When the Deshler High School Tigers step on to Pat Dye field Friday, they won’t be alone. Although their fans — parents, friends and teachers — will fill the stands, the Tigers will have support on the field. The band of brothers will carry the legacy of their late coach with them with each yard gained and touchdown scored.
The Tigers lost their first-year head coach, Jake Linville, Oct. 19 to a self-inflicted gunshot wound just two days after clinching the region championship.
Since then, the team has leaned on one another to make it all the way to the 4A state championship game. The Tigers face Leeds High School in Jordan-Hare Stadium Friday.
They will play to honor Linville.
“Coach Linville, at the beginning of the season, he talked to us about the goal for our team to win the last game we played. And here we are,” senior offensive right guard Jake Norwood said. “It’s our opportunity. When he said that to us, we had no idea what was going to happen throughout the season, his passing and just all that we’ve been through. It’s been really tough; I’m not going to lie. It’s been really emotional. We’ve had a lot of tears from somewhere you don’t expect. You know, football players don’t cry. That’s kind of one of the stigmas we get. We’re tough, and we’re here to win the state championship and honor our coach’s legacy.”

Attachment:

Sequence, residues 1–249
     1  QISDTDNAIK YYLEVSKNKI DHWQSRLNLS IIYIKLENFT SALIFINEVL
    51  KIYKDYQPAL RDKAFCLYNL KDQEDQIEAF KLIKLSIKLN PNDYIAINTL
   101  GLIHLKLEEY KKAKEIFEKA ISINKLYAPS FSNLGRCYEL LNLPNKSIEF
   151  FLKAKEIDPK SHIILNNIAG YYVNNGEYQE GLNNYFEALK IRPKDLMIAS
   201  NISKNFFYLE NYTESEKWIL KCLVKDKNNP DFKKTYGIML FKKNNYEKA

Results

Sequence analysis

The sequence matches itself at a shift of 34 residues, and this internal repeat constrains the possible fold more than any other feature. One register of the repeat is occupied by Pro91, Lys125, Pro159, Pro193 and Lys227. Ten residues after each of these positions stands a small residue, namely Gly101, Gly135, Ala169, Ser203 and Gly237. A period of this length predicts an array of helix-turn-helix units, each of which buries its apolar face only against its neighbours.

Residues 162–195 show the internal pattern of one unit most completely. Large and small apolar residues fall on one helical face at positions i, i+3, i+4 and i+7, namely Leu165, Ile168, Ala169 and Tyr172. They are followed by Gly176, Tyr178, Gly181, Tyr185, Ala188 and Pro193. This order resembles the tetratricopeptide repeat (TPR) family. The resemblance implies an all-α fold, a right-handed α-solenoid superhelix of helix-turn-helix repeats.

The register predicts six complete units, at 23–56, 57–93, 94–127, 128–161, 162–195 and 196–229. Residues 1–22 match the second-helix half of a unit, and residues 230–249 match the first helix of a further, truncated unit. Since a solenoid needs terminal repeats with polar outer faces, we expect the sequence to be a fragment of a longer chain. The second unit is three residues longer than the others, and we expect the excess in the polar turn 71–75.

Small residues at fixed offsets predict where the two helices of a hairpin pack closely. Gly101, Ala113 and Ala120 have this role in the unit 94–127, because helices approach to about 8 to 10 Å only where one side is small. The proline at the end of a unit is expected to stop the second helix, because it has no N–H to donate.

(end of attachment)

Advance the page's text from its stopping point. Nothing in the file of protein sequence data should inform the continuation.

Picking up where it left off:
What started as a fractured season with a loss in the season-opener has ended 13-1 with a chance at the state title. But it seems the Tigers have gained more than bragging rights since Linville’s death. The young men have become a family.
“We’re a band of brothers. We’ve really come close as a family,” Norwood said. “At the beginning of the season, we had a ton of controversy before all this happened. Especially after our first game, which was a loss, we were very separated. We really started drawing closer together. After all that had transpired, we’ve gotten a lot stronger. We’re a family now. It’s an amazing experience; they’re my brothers. I have two real brothers, but I count these as my brothers, too.”
After Linville’s death, middle school head coach Michael Statom was named interim head coach to finish the season. He’s watched his players mature into young men and cement their bond to one another.
“It created a unique unity among our team members and our coaching staff and our community, because you look around and everybody’s hurting. We’ve all gone through this together,” Statom said. “I think it’s pulled us closer together. Those guys talk about being family. Well, that’s true. That’s the way they believe. That’s the way they act. It’s truly a family. It’s caused us to bind together and lean on one another more.”
Senior outside linebacker and defensive end Taylor Ellison clearly remembers hearing of Linville's death. He can describe the sinking feelling only as shock and disbelief.